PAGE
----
Persian Rug Making History
The belief is that Cyrus the Great introduced rug weaving during his reign of the Persian Empire in 529 B.C. Since that time, hand-made rugs continue to be made in villages, with various designs elements and colors that identify which village or tribe makes them. The Safavid Dynasty (1499-1722) is of particular note because the reigns of Shah Tahmasp and Shah Abbas created and funded weaving workshops featuring high-quality artisans and materials. Artists would create the carpet designs, and the best designs were woven by the best weavers in the empire. This constituted the Golden Age of Persia. At that time, trade was established with Europe.
The Safavid Dynasty, along with the court-funded carpet making, ended with the Afghan invasion in 1722. People’s energies were diverted into fighting the Turks, Afghans, and the Russians. Rug weaving survived with people in villages and nomads continuing to make carpets.
Toward the end of the 19th century, carpet weaving and trade flourished again. Through trade, Europeans and Americans took an interest in Persian rugs. Today, thanks to investors like Desert Rug Company who want to ensure the best materials are used and the art form is kept alive, carpet making is being revived.
The ancient nation of Iran was historically known to the West as Persia until March 21, 1935. The name was used in the West due to the ancient Greek name for Iran, Persis. Persia is used to describe the nation of Iran, its people, or its ancient empire. The Persians have called their country Iran / Iranshahr since the Sassanian period.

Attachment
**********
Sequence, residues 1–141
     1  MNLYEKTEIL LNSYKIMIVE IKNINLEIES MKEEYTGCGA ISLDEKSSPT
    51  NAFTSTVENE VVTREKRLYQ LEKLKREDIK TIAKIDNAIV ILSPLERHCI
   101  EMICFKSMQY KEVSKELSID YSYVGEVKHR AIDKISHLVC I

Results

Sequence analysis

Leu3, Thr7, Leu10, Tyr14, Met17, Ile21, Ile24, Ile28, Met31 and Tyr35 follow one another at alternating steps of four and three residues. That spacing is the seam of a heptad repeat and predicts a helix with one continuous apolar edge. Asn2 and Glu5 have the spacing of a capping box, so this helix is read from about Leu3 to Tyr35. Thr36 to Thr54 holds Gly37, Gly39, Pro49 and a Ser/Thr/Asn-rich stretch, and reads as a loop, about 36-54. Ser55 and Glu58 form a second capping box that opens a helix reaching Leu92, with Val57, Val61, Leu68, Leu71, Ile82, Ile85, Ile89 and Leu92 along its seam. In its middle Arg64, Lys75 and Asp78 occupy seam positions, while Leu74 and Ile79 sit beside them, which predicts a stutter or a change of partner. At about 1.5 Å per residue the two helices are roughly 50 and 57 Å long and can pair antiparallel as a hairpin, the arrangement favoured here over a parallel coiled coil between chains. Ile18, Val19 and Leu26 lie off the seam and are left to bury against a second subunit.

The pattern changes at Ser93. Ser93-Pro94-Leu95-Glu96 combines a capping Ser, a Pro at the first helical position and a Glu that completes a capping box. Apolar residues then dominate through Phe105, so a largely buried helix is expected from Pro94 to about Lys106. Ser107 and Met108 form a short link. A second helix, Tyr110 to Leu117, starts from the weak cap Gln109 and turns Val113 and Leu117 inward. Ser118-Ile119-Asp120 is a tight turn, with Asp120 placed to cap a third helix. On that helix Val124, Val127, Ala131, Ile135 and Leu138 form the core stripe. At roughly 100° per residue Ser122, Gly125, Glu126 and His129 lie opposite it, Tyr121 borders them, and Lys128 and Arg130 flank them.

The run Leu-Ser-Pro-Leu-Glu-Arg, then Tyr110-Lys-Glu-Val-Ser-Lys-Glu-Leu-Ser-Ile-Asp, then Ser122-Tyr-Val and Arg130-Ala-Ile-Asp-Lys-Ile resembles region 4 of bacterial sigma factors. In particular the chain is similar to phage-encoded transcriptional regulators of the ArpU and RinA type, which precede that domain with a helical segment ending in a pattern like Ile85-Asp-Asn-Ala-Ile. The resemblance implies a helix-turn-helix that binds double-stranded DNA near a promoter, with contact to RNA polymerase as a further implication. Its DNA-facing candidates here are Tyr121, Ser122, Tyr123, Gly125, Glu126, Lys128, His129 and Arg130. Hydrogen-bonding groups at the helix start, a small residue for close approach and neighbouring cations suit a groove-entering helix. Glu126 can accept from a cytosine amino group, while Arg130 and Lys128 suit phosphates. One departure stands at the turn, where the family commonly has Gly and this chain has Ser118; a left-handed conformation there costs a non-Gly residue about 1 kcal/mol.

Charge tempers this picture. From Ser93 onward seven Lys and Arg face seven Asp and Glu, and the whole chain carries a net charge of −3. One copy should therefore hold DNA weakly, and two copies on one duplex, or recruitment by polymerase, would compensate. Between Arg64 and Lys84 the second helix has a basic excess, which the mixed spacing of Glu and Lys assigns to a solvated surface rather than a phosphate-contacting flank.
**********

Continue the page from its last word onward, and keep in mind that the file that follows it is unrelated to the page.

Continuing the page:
The name Persia comes from a region in the south of Iran, called Fars or Pars in the Persian language. Persis is the Hellenized form of Pars, based on which other European nations termed it Persia. Eratosthenes however does make mention of the word "Iran" in his writings. This region was the core of the original Persian Empire. Westerners referred to the state as Persia until March 21, 1935, when Reza Shah Pahlavi formally asked the international community to call the country by its native name, Iran, which means Land of the Aryans but because of some Persian scholars' protests the government announced in 1959 that both Persia and Iran could be used. (see Iran/Persia naming controversy). For the geography of Persia, see Geography of Iran.
Once a major empire of superpower proportions, Persia has been overrun frequently and has had its territory altered throughout the centuries. Invaded and occupied by Arabs, Turks, Mongols, British and Russians, and others -- and often caught up in the affairs of larger powers -- Persia has always reasserted its national identity and has developed as a distinct political and cultural entity.
The first true empire of global proportions of Persia blossomed under the Achaemenids in (559 - 330 BC). The dynasty was founded by Cyrus the Great, who merged the various tribes and kingdoms into one unified entity. Following the Hellenistic period (300 - 250 BC) came the Parthian (250 BC - AD 226 ) and the Sassanid (226 - 651) dynasties.